In this New York Times article, authors Charlie Savage, Eric Schmitt, Azmat Khan, Evan Hill and Christoph Koettl write about the newly declassified footage of the U.S.’ MQ-9 Reaper drone killing 10 innocent civilians including 7 children in Kabul, Afghanistan on August 29, 2021.
The U.S. military released two videos of their wrongful airstrike, and although this was a ‘rare step’ by them, the recordings had unfortunately been cut down from eight hours to a total of twenty-five minutes. This sparked controversy and raised questions among the journalists of the Times. They indicated that it is unclear what happened to the remaining footage, but this “may be the subject of further litigation”. The videos can be viewed here.
The Times’ next steps was to provide a detailed video where the authors describe the actions taken by the U.S. military before wrongfully targeting a presumed IS terrorist. American operators surveilled a white Toyota Corolla for eight hours thinking it was an IS terrorist preparing to detonate a bomb at the Hamid Karzai International Airport in Afghanistan. This was due to a suicide bomber killing at least 182 civilians including 13 American troops a few days earlier. They thus took every precaution to kill any believed threat. After the drone had killed the ‘target’ in the white Toyota Corolla, it was later found out to be Zemari Ahmadi, an employee at Nutrition and Education International, a California-based aid organisation. Children and family members of Zemari were killed alongside him.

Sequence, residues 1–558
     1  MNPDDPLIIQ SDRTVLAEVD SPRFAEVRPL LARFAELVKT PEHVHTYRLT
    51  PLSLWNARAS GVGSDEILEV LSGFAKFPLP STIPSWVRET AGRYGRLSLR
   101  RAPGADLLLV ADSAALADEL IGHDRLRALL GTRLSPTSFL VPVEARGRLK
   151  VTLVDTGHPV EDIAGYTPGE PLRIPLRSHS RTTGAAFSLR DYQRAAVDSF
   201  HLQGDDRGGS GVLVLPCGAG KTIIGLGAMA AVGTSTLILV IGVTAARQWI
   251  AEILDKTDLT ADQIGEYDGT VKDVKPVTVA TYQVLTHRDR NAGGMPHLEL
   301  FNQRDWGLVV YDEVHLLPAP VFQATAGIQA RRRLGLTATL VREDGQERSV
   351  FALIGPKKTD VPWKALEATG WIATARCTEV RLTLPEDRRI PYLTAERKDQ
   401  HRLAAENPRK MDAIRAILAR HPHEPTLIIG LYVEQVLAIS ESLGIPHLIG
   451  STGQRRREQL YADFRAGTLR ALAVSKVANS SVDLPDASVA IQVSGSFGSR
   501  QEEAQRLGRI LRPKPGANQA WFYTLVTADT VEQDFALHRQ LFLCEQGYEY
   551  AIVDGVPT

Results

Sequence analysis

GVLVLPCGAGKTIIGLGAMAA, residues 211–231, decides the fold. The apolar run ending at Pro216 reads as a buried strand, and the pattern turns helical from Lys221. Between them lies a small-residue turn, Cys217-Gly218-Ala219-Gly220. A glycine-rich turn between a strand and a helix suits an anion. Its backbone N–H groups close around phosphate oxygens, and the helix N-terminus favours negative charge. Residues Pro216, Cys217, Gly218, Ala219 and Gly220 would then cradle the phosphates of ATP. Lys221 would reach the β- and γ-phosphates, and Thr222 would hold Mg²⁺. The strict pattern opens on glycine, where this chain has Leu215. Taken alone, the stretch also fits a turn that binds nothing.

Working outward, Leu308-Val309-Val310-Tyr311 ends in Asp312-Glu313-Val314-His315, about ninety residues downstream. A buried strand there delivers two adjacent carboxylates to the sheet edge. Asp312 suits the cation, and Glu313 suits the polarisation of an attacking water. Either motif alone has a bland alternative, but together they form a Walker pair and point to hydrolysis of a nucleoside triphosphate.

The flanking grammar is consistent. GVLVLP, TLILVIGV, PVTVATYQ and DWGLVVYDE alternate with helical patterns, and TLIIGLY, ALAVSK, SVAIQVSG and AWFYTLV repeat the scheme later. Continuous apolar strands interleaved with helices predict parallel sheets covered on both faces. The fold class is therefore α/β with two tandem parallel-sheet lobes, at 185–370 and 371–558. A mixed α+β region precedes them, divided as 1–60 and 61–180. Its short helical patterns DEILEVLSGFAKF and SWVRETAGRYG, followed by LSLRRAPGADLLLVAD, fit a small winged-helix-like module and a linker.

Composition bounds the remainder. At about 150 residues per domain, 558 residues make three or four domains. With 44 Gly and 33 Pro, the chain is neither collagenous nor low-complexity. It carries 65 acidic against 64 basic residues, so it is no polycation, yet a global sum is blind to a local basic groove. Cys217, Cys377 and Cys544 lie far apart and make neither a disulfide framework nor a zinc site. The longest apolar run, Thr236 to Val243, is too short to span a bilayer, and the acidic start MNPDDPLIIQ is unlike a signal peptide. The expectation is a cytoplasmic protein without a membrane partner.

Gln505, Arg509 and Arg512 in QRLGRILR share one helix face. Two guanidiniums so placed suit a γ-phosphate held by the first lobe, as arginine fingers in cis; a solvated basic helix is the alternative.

The journalists who have written this article make it clear that even the most trained drone operators can get their suspicions wrong, which can evidently lead to disastrous effects. The Times retrieved a collection of military reviews concerning the civilian casualties in the air war against IS in Iraq and Syria, and found multiple ‘confirmation bias’ incidents. This proves that remote-operated drones still lead to unrightful civilian deaths.
The authors conclude the article by indicating that the U.S. government offered to pay compensation to the victims’ families and aid workers from Nutrition and Education International. However, Hina Shamsi, the lawyer representing these clients, has indicated that no such compensation has been provided to this day. This case is an example of one of many where innocent civilians have become bystanders of the remote war in Afghanistan. The U.S. is a strong example of a state that lacks transparency and accountability when it comes to acknowledging the civilian harm cases. Alongside the U.S., no other country conducting remote warfare has been legally responsible for the collateral damage caused by them.
Written by IRW researcher Eva Akerboom.